- Robert Garland
- Ancient Geography
- Greek History and Historiography
- Greek Material Culture
Piraeus (Πειραιεύς), the great harbour complex of Athens, is a rocky limestone peninsula some 7 km. (4–5 mi.) south-west of Athens which Themistocles began to fortify in 493/2 (Thuc. 1. 93. 3–7) as a strong base for Athens' rapidly expanding fleet in preference to the open roadstead of Phaleron. It has three harbours, Zea (modern Pasalimani) and Munichia (1) (Mikrolimani) on the east, used exclusively by naval shipping. Zea possessed 196 shipsheds and Philon (1)'s Arsenal. The biggest harbour, Kantharos (Goblet) or Megas Limen (Great Harbour), lies to the west and accommodated, in addition to warships, a thriving emporium on its northern and eastern shoreline comprising ‘five stoas round about the harbour’ (schol. to Ar.Pax145), of which some traces remain. Its urban development dates to c.450 bce when Hippodamus of Miletus ‘cut up (κατέτεμεν) Piraeus’ by laying it out according to an orthogonal plan (Arist.Pol. 2. 1267b23). The presence of a very large number of metics led to the establishment of many foreign cults here, including Bendis, Isis, Men, Mother of the Gods (see cybele), and Nergal. In 458/7 Piraeus was joined to Athens by Long Walls and in c.446 the building of the Middle Wall eliminated Phaleron from the fortified area. In 429 moles were constructed on either side of each harbour's mouth which could be closed by chains in time of war. The fortifications were destroyed by the Spartans in 404 but rebuilt by Conon (1) in 393. Though the port revived in the mid-4th cent. bce, it never became more than the ghost of its former Periclean self (see pericles(1)). During the Macedonian occupation (322–229 (see athens, History)) it rapidly lost its pre-eminence as the trading capital of the eastern Mediterranean and its population dwindled accordingly. To this period, however, dates the well-preserved theatre in Zea. Sulla's destruction of the town in 86 was so ruthless that little was visible to Pausanias (3) (1.1.2–5) when he visited it in the 2nd cent. ce. Several important bronze statues, including those of Apollo, Artemis, and Athena, which were deliberately buried at the time to escape destruction, came to light in 1959. As headquarters of the fleet, Piraeus constituted the heartland of Athenian democracy and was the focus of the resistance to the Thirty Tyrants, thereby justifying Aristotle's claim that its population was ‘more democratic’ (μᾶλλον δημοτικοί) than that of Athens' (Pol. 5. 1303b10–12). There are few traces of the city visible today, apart from extensive portions of the circuit walls, Zea theatre, and a few shipsheds.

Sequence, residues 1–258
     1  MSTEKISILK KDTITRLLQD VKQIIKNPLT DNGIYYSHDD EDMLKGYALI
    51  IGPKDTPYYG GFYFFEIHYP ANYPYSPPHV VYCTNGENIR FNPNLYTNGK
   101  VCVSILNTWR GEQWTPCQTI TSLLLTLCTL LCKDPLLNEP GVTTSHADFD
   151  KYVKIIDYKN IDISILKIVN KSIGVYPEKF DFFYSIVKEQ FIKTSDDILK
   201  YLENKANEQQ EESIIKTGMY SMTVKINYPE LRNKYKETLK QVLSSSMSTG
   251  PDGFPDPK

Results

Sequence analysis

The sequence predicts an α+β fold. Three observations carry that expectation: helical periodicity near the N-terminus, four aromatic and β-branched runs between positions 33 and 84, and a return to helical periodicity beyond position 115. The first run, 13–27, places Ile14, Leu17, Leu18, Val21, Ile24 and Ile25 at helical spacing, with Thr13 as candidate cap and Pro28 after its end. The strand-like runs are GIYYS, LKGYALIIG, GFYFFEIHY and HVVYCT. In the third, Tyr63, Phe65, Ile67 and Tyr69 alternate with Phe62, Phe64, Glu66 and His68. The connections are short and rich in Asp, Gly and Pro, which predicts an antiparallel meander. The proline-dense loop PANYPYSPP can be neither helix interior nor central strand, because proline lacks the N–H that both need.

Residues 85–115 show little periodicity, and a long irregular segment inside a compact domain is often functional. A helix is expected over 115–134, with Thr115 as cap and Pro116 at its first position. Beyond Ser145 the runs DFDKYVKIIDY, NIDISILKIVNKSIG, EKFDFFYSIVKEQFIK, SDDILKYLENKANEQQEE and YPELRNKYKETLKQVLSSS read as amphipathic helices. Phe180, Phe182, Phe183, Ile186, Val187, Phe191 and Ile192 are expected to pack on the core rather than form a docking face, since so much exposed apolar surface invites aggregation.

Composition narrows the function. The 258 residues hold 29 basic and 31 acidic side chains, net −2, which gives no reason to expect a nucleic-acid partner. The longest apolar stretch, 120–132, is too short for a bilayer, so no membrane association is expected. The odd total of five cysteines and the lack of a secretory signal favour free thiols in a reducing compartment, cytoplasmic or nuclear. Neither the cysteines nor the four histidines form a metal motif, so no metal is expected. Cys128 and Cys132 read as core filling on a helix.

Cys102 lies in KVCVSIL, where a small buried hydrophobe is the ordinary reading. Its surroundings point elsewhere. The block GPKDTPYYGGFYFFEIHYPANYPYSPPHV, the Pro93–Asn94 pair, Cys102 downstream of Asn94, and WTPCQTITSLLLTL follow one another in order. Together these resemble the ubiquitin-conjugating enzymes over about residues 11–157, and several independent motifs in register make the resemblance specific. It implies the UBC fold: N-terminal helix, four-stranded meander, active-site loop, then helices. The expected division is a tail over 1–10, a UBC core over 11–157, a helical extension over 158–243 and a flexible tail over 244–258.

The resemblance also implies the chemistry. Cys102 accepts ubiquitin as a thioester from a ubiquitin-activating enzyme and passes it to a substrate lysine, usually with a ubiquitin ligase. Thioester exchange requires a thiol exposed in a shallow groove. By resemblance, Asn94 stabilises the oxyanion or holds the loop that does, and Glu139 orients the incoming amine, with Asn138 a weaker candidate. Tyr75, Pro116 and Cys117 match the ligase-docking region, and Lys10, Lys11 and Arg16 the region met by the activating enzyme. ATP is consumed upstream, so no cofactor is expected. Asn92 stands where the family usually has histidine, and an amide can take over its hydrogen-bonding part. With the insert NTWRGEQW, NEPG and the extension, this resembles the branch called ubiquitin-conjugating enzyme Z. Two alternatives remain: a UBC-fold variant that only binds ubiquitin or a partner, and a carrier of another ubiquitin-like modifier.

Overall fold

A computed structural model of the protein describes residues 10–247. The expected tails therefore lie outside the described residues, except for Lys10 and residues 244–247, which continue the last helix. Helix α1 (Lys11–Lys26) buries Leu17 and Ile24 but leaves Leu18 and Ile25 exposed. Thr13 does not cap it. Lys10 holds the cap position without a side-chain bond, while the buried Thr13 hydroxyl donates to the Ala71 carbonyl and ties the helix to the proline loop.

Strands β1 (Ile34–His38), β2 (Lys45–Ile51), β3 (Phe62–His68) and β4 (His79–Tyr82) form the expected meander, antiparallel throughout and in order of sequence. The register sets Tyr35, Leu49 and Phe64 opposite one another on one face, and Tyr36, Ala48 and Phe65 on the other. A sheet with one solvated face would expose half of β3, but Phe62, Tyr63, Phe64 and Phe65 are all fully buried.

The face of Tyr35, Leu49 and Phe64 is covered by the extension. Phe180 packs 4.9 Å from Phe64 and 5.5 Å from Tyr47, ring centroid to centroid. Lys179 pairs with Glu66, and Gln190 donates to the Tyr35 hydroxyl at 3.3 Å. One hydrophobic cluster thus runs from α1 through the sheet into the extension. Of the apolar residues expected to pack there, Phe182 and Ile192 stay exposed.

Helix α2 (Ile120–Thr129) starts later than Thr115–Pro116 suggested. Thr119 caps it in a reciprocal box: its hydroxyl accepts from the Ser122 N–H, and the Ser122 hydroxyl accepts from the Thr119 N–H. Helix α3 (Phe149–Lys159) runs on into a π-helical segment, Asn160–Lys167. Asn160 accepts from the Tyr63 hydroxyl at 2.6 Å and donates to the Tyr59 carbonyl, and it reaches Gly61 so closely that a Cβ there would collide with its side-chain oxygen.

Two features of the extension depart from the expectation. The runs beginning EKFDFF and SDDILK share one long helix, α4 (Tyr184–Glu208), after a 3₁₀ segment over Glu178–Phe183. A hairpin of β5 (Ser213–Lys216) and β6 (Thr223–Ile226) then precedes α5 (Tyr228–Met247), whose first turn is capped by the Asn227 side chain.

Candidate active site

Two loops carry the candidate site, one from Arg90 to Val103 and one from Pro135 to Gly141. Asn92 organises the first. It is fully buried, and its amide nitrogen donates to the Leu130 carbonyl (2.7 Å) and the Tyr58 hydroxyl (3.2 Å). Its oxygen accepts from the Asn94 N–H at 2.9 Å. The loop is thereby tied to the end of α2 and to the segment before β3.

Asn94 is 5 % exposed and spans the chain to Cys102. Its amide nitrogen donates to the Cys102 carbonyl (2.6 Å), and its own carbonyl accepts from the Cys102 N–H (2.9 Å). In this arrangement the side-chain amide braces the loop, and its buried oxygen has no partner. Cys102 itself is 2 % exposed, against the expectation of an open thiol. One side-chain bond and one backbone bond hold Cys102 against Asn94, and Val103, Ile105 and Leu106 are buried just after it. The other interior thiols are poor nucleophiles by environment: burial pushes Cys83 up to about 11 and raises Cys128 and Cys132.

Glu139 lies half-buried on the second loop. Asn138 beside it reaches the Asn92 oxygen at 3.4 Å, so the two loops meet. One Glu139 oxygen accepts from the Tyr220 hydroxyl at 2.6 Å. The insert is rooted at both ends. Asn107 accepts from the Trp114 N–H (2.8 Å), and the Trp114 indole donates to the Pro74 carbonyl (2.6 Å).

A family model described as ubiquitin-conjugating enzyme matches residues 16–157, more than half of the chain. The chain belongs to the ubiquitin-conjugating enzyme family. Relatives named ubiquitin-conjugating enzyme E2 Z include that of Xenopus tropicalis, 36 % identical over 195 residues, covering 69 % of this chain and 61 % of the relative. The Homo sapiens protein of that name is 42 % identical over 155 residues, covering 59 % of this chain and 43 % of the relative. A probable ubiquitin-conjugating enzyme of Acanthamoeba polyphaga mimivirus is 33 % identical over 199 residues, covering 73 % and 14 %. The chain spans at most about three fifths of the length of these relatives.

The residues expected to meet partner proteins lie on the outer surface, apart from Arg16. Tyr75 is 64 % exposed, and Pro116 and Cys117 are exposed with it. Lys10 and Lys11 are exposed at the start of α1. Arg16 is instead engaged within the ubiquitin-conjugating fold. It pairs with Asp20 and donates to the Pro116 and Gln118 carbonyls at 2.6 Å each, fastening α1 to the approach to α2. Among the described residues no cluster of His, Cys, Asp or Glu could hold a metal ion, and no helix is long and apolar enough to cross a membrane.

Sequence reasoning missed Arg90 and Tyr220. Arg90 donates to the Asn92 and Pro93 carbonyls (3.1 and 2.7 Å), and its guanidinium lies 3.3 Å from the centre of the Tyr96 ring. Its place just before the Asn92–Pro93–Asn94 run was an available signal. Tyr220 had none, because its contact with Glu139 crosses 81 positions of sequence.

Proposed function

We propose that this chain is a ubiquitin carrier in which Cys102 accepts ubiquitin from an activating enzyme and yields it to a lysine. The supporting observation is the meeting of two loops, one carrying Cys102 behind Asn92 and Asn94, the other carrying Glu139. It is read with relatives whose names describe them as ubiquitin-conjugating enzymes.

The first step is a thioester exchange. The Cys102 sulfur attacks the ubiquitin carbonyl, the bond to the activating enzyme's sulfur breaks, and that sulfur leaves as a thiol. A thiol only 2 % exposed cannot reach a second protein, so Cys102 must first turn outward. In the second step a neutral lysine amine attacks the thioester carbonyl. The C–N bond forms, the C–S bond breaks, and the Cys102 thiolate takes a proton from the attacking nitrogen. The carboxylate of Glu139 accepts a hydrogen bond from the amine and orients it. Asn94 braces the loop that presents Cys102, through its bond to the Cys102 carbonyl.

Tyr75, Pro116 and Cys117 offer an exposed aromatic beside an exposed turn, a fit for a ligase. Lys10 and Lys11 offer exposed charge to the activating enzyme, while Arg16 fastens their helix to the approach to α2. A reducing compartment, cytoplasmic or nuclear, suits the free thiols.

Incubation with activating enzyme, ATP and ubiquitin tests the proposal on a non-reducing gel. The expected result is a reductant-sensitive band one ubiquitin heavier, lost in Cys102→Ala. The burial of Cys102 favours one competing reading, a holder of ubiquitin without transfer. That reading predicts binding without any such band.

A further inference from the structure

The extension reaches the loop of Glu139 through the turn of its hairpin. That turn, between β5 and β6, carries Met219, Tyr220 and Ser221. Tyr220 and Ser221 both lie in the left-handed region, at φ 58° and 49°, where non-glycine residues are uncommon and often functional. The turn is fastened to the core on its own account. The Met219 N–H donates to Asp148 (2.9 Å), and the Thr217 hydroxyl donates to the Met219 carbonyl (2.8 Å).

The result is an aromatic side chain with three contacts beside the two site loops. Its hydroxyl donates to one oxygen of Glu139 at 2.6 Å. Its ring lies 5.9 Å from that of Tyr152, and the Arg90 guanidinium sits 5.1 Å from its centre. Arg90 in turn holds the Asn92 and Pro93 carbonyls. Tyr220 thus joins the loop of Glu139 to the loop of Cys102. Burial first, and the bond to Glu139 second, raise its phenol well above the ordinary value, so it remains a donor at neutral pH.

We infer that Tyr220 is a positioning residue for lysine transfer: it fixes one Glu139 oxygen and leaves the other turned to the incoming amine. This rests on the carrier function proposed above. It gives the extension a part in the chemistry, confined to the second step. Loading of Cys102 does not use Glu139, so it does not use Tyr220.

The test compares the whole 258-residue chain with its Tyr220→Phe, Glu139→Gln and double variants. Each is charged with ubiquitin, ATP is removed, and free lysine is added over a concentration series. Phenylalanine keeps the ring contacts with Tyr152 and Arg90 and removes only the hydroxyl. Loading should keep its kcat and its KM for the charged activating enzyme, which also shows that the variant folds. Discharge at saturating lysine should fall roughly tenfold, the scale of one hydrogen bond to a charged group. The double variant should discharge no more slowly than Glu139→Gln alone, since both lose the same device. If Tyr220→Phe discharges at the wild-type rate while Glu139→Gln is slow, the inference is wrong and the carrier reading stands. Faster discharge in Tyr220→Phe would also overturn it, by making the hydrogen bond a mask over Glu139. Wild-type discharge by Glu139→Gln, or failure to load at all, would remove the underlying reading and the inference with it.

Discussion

- J. Travlos, Bildlexikon zur Topographie des antiken Attika (1988), 340 ff.
- R. Garland, The Piraeus, 2nd edn. (2001).